“Bloque, Esto es un bloque,” Spanish Professor Tom Mathews said to a room full of bright faced freshmen while holding up a small wooden block.
I remember that being the first word I really learned in Spanish as I sat in that freshman Spanish class. While in that class, I never really considered the prospect of becoming fluent in another language. Though the class was fun, it would just be another credit on my transcript.
But a two-year LDS mission speaking Spanish and more college classes would prove freshman me very wrong.
Though it was unexpected, becoming multilingual has become more than just another skill in my life. Learning Spanish helped to change my perspective on the world we live in. Before learning Spanish, I am sad to admit I fell for the common biases surrounding Hispanic culture.
To be perfectly honest, I was a little racist. I always thought that Hispanics were weird, to the point that almost I thought less of them. In my mind, because I couldn’t understand them, they were inferior to me. Looking back on that now, I was ignorant and wrong to think that way.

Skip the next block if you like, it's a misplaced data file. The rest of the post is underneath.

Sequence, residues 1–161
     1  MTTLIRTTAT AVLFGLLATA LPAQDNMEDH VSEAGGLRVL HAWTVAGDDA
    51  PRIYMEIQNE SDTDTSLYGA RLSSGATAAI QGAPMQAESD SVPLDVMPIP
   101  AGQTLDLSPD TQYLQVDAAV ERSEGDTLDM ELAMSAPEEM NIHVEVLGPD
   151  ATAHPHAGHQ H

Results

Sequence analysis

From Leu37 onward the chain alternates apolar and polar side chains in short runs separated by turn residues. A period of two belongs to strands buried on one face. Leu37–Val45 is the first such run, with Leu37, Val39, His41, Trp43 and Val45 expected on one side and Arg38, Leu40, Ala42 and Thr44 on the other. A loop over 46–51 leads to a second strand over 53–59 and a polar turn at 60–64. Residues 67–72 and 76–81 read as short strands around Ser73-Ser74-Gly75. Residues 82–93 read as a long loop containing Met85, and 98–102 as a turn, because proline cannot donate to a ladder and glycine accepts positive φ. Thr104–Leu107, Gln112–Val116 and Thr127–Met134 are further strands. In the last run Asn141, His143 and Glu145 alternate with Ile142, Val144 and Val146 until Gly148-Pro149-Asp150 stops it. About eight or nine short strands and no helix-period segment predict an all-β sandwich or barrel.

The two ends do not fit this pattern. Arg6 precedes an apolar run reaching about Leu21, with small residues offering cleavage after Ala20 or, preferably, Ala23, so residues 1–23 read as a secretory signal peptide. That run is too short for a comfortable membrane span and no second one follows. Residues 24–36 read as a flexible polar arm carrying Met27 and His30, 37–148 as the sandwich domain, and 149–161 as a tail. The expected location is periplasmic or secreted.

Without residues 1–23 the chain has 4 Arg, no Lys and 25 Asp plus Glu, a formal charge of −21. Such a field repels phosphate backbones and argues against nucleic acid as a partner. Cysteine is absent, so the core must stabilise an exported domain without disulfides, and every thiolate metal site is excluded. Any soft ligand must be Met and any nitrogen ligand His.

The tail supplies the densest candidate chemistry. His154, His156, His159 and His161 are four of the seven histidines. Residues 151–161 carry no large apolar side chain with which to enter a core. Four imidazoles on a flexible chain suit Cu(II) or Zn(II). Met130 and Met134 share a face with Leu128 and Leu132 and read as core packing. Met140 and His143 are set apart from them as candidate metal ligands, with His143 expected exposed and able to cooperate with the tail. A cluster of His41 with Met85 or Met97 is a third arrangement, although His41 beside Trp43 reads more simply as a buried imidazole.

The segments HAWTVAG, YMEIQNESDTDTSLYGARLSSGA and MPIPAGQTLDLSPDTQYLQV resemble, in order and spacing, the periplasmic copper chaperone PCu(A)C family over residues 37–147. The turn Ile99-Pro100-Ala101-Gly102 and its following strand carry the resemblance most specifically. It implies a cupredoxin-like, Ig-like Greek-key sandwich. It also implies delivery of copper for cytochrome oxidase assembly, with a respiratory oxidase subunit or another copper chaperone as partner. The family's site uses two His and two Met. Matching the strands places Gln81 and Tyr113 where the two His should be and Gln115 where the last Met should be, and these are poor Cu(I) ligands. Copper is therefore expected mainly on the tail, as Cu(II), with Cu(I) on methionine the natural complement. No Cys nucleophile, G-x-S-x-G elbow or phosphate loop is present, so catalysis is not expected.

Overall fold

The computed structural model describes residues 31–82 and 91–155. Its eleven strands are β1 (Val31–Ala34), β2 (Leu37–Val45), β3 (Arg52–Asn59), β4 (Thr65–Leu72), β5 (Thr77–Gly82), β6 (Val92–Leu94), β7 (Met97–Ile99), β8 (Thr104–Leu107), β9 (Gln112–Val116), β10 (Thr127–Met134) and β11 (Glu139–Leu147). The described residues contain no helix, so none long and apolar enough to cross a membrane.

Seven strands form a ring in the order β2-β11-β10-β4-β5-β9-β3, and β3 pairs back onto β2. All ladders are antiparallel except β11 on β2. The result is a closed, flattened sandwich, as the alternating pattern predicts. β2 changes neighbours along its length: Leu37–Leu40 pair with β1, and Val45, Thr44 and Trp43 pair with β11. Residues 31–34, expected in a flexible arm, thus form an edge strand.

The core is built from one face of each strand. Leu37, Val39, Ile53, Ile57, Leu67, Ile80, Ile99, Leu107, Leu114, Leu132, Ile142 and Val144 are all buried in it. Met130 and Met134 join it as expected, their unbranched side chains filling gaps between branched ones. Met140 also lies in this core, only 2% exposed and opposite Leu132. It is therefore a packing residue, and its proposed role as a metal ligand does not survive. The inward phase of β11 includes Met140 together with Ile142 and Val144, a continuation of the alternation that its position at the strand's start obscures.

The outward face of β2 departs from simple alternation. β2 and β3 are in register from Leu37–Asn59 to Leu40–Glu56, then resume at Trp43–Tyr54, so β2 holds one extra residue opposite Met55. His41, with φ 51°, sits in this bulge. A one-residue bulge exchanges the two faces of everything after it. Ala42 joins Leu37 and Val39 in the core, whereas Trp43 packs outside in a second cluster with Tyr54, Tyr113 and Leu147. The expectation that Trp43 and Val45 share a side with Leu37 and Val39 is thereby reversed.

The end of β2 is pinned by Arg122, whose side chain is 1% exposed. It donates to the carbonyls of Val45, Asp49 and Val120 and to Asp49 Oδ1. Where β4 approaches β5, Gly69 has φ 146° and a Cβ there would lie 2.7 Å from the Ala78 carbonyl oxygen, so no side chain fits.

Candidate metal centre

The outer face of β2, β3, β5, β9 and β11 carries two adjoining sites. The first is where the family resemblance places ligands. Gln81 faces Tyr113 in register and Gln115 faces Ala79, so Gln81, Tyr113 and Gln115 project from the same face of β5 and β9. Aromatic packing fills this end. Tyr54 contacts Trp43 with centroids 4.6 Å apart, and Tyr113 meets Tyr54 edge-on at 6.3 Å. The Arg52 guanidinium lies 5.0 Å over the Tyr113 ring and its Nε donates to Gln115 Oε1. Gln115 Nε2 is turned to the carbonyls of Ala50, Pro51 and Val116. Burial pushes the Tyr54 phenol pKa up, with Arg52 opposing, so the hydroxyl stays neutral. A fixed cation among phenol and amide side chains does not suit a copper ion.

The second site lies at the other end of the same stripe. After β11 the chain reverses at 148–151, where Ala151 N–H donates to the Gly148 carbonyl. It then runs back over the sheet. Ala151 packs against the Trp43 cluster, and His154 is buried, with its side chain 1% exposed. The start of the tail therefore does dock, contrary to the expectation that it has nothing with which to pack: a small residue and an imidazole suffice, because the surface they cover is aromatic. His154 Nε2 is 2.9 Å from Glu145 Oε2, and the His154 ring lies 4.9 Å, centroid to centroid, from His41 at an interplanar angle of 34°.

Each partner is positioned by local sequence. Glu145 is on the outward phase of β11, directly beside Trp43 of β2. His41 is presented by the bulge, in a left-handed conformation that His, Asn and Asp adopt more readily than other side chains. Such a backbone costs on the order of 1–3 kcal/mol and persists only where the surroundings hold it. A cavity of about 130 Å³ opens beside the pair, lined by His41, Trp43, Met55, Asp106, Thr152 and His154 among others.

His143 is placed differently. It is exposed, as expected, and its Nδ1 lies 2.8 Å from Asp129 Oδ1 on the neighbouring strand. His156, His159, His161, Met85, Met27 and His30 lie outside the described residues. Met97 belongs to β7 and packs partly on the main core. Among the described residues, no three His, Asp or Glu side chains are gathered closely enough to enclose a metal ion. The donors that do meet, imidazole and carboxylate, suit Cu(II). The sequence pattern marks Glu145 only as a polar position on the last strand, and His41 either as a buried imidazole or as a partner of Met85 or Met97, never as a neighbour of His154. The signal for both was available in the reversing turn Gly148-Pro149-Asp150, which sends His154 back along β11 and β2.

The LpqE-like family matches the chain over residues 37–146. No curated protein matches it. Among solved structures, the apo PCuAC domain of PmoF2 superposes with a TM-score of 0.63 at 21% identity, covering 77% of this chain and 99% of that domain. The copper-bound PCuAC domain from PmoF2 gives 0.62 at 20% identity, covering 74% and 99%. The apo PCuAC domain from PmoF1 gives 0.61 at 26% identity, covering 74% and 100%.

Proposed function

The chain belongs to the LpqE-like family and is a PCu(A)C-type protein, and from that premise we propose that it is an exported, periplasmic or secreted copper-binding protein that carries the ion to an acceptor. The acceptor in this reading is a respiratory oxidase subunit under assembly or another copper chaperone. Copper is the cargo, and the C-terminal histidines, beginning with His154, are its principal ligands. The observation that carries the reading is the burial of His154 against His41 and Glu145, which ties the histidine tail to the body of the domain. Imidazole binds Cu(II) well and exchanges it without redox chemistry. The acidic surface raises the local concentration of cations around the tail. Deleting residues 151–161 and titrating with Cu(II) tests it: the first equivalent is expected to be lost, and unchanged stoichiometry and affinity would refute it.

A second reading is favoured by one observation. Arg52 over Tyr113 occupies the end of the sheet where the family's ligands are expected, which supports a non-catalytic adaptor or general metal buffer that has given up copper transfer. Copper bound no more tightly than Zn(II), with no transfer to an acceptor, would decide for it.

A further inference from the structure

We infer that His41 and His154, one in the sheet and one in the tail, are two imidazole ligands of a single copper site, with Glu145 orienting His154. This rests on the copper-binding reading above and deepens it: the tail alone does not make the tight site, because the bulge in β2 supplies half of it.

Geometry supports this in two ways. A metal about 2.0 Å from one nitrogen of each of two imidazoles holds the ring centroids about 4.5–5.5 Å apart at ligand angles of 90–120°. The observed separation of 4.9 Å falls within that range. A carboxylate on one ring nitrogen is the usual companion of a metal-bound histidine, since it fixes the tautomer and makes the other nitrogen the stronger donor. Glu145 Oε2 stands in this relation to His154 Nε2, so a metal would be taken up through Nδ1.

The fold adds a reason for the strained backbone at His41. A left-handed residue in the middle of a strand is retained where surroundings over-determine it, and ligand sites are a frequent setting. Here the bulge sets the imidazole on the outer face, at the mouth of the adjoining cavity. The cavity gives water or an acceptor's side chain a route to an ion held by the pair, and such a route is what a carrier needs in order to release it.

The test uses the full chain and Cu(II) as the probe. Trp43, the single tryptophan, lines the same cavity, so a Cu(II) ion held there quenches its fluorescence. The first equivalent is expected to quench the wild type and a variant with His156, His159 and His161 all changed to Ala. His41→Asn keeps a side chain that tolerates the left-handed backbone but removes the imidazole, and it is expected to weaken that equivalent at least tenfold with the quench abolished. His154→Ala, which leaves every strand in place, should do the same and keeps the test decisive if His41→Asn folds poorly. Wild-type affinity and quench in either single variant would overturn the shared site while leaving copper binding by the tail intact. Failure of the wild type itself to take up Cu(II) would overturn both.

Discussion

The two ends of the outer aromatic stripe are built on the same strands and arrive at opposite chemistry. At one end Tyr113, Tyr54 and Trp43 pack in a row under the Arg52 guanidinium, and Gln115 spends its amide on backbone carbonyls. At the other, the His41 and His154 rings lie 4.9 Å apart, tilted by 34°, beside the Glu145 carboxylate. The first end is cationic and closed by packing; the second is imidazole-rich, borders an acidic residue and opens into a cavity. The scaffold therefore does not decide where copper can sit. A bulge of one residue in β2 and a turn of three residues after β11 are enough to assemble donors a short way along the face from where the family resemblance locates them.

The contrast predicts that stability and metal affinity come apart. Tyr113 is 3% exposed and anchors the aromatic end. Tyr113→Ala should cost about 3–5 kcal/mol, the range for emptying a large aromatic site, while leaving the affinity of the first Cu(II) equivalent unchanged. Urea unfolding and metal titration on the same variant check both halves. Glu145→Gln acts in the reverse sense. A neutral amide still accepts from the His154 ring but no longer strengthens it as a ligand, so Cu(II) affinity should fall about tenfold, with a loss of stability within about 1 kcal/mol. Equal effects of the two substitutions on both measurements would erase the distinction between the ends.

As I developed the proper language skills, all of that changed rapidly.
The first thing that grabbed me about Hispanics was their pride, if at times boastful. Though they were a world away from their native countries, they carried a love for those places in their heart. Even to this day, I can’t walk into a marqueta and not see a sign that says, “Somos orgullosos a ser Hispano — We are proud to be Hispanics.”
The next thing that caught my attention was how truly diverse each Spanish speaker was. Unwitting freshman me fell for the stigma that all Hispanics love rice and beans while watching soccer on TV.
I learned quickly that no two countries are alike. You could put two different Mexican natives in front of me, and in five words, I could tell you how different they are. No two Hispanics are alike.
In the end, though, the Hispanic culture won me over with their love. I know it sounds a bit cheesy, but Hispanics really are some of the most warm and loving people in the world.
There are people who I can still call and be reminded that, to them, “Eres mi hijo. Te quiero — You are my son, I love you.” Those feelings, in any culture, are powerful enough to dissolve any of the barriers that exist between us.
Sure, I have another language to speak in my life, and that will always be a perk for me. But like many other areas in my life, I am boldly able to be connected to something greater.
Though I look like the biggest gringo you may ever meet, I feel that with my Spanish skills I will forever be more than that.